Of course there are no bragging rights if CERN simply stated in advance and during the March 30 demonstration that the 7 TeV test collisions were slated for about 1/400,000 of design efficiency. Then of course nothing of LHC safety would be proved either, except that the LHC is apparently safe to operate at an extremely tiny fraction of its potential. Now that the public is satisfied with safety CERN can go to the LHC maximum. Not right away, as the machine is unreliable. Failures since start-up including this week are common. Luminosity consequently has to be coaxed up in stages or there will be no more "babies"and no more collider.
Go slow is commendable to save the collider from another accident. But why not tell us? It was no secret inside CERN, just outside.
The biggest safety issue has always been the LHC's New Physics. Now apparent safety (of small numbers) of 7 TeV collisions will be taken as a proof of safety for what is to come.
Actual physics results even from March 30 may never be fully known. Dangerous sorts of Collider Objects might have been produced and might have gone undetected during the 3 hour run of March 30 of about 1/2 million proton collisions recorded. What will happen in 2011 in a proton fireball of 40 million collisions per second? When the truth is known, you can fly.
CERN's Smoking Gun
CERN had already predetermined that First Physics at 7 TeV would be 1 proton bunch per beam, 1 x 1 for the first three days of collisions, then a week of tests on multi-bunches, then a jump to 4 x 4 or 4 bunches per beam colliding for another 2 days. Then a bigger jump to 12 x 12 collisions for 2 more days. Then who knows? Though CERN hasn't been able to achieve these results due to ongoing machine failures.
Down the road: "BEAM PARAMETERS AND MACHINE PERFORMANCE TO BE REACHED IN 2010"*.
What we can expect now is less machine risk as proton bunches are gradually maximized in stages. It will take until the end of this year to reach about 800 bunches per beam out of 2808, another lucky fact blown out of CERN's windy webcast. Luminosity will still continue climbing next year to the maximum.
The obscure but essential CERN document (above) "Pilot physics run at 3.5 TeV"* should have been released to the public before March 30 or summed up in a CERN Press Release. Just a reminder to CERN that Press Releases are for the Press and provide the Press with tools, not more hot air to analyze. This short document would have made CERN's intentions clear on going slow (adding the rationale: the minimizing of machine failures and damage) and that would have pre-empted all the phony suspense of March 30. We could have got some more sleep instead.
The Future At 7 TeV
So we're not much further ahead in knowing what to expect from the LHC. The preliminary data and continuing collisions will give physicists some ideas, but data analysis isn't that easy. It could take months to see some New Physics papers on what happened.
Even so physicists will be reluctant to draw conclusions from a few collision events, which is why they want to see 40 million per second.
The funny thing is, because of the enormous amount of data these collisions produce, CERN's entire computing power can only record 2,000 events per second. So CERN will filter all data, discarding nearly all of it, hoping their filters will capture only the significant events, whatever they are.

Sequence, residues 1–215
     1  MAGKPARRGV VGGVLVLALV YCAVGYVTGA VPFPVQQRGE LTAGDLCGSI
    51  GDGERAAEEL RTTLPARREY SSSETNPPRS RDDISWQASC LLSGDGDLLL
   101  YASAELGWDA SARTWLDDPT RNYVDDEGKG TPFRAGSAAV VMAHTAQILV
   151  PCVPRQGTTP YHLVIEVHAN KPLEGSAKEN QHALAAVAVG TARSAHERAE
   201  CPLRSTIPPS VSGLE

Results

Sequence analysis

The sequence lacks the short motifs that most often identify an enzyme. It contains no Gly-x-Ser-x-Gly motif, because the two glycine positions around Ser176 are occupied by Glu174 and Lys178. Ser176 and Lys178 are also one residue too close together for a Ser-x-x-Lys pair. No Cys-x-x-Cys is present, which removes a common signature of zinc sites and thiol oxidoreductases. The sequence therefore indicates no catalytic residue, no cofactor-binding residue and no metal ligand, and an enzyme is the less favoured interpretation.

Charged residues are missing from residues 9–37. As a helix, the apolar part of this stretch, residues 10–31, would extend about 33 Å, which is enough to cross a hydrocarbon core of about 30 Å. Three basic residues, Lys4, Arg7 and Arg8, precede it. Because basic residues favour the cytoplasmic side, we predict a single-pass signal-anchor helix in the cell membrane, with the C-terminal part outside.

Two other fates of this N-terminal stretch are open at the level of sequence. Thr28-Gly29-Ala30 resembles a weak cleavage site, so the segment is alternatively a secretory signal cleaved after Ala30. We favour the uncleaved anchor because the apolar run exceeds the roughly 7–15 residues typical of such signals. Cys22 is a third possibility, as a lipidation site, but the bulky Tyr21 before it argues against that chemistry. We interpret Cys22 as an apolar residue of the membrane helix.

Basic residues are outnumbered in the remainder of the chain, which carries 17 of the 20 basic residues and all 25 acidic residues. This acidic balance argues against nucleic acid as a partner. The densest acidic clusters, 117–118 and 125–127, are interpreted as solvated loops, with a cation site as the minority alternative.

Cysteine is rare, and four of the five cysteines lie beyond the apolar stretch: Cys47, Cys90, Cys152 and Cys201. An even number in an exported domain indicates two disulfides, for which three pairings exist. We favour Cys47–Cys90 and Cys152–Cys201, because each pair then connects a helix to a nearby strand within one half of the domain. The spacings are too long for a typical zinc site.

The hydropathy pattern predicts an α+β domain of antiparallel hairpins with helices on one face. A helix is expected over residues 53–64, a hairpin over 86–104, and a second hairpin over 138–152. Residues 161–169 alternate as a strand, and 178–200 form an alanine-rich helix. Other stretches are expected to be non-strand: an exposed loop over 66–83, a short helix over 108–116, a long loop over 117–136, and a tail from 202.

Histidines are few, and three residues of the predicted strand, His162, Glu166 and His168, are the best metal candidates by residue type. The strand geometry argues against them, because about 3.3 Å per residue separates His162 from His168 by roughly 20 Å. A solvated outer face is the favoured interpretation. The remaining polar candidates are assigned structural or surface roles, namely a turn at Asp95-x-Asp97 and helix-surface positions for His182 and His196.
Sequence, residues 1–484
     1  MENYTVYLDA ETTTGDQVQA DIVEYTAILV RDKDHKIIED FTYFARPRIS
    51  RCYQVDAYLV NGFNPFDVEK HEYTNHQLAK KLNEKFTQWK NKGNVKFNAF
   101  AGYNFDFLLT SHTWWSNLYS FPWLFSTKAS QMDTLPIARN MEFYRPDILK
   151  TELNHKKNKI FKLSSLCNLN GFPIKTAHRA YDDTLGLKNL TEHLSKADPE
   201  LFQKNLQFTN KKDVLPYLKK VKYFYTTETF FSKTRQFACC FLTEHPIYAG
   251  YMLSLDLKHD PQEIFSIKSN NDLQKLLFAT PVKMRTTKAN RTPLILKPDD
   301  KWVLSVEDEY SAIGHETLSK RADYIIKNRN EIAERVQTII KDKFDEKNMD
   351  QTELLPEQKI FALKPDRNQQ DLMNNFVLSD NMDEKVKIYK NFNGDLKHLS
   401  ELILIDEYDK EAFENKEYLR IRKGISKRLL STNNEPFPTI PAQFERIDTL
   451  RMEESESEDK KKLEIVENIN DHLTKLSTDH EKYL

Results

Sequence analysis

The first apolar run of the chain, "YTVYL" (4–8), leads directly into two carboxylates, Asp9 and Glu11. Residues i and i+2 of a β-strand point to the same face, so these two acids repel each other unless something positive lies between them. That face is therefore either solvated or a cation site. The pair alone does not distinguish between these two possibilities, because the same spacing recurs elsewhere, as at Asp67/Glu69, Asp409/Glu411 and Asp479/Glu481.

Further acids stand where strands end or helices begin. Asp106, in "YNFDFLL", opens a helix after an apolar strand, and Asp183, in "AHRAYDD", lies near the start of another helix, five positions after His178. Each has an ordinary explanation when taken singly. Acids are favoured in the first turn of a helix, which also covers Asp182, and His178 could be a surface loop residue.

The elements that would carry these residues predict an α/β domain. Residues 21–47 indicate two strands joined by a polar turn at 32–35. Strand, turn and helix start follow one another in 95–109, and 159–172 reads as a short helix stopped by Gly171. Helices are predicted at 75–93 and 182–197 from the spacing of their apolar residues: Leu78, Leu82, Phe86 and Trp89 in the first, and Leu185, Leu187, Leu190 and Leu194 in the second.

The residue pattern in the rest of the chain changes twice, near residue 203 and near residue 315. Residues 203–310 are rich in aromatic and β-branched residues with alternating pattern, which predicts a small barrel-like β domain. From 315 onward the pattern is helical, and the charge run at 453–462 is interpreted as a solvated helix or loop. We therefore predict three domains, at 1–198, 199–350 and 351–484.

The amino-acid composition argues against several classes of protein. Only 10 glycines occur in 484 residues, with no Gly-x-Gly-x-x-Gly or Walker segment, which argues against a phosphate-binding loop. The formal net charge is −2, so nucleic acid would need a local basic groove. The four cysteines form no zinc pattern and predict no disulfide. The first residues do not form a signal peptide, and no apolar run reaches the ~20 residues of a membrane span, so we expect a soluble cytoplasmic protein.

For now and since CERN decided to blast us with Collider PR 10 years ago, we're in another prolonged state of suspense. When is the axe going to fall? Certainly it looks like there is a better chance for safety in terms of shutting down before hazardous events arrive, if data analysis can determine the next threshold where New Physics might spin out of control. Though there are no guarantees that we'll have any bumpy warnings. Just ask ALICE when she's 10 feet tall.
LHC News: Doomsday Postponed
As to the future, the only real news out of the Press Conference was delivered by Steve Meyers, Director of Accelerators and Technology who talked about some long term goals and difficulties, announcing the next planned shutdown in Autumn 2011. After a year of upgrades to safety systems for another $235 Million (not mentioned) the LHC should be ready to start 14 TeV collisions in 2012, though giant bending magnets will still be difficult to retrain, some 1/3 of about 1,800 (not mentioned) needing 25 to 30 ramps and quenches. The much fabled LHC might have to settle for 13 TeV.
*Note to CERN Techies: Put dates on all your documents. If Plan "A" is PR Mystification, your Plan "B" Common Timeline Confusion will mystify everyone else at CERN who needs to sift through a mountain of links to a mountain chain of documents that might save your life.
This is Part 7 of a series on machine safety and potential risks of expected Collider Objects like mBH at the LHC when the collider jumps to very high energies starting March 30, 2010. "Doomsday Report: New Physics At The LHC" will appear in The Science of Conundrums.
NewsHammer Part 1: Large Hadron Collider Waiting For Doomsday
NewsHammer Part 2: Fantastic LHC Energies May Be Higher Than Expected
NewsHammer Part 3: Higgs Discovered At The Large Hadron Collider / More Delays
NewsHammer Part 4: Scrubbing CMS Data At The LHC
NewsHammer Part 5: LHC Lords Of The Ring
NewsHammer Part 6: CERN Fires The Collider